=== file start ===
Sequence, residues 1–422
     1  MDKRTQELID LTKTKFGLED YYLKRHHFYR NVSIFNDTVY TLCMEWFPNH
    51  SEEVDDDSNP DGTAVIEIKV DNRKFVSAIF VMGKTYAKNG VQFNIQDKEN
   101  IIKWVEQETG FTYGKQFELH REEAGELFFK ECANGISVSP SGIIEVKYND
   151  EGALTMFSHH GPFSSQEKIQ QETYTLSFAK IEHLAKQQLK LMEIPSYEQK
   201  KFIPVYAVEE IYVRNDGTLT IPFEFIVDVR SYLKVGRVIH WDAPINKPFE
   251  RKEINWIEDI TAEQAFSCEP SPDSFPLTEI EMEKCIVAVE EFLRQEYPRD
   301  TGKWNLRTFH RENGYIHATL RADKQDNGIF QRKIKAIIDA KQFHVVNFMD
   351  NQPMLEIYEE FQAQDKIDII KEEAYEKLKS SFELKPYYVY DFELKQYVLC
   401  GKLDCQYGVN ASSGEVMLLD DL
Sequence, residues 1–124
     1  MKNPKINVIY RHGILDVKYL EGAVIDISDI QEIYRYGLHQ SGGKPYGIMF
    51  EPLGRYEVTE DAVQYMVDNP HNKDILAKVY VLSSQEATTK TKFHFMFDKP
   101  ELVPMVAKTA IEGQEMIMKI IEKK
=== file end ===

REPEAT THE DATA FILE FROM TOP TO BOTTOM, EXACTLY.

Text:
Sequence, residues 1–422
     1  MDKRTQELID LTKTKFGLED YYLKRHHFYR NVSIFNDTVY TLCMEWFPNH
    51  SEEVDDDSNP DGTAVIEIKV DNRKFVSAIF VMGKTYAKNG VQFNIQDKEN
   101  IIKWVEQETG FTYGKQFELH REEAGELFFK ECANGISVSP SGIIEVKYND
   151  EGALTMFSHH GPFSSQEKIQ QETYTLSFAK IEHLAKQQLK LMEIPSYEQK
   201  KFIPVYAVEE IYVRNDGTLT IPFEFIVDVR SYLKVGRVIH WDAPINKPFE
   251  RKEINWIEDI TAEQAFSCEP SPDSFPLTEI EMEKCIVAVE EFLRQEYPRD
   301  TGKWNLRTFH RENGYIHATL RADKQDNGIF QRKIKAIIDA KQFHVVNFMD
   351  NQPMLEIYEE FQAQDKIDII KEEAYEKLKS SFELKPYYVY DFELKQYVLC
   401  GKLDCQYGVN ASSGEVMLLD DL
Sequence, residues 1–124
     1  MKNPKINVIY RHGILDVKYL EGAVIDISDI QEIYRYGLHQ SGGKPYGIMF
    51  EPLGRYEVTE DAVQYMVDNP HNKDILAKVY VLSSQEATTK TKFHFMFDKP
   101  ELVPMVAKTA IEGQEMIMKI IEKK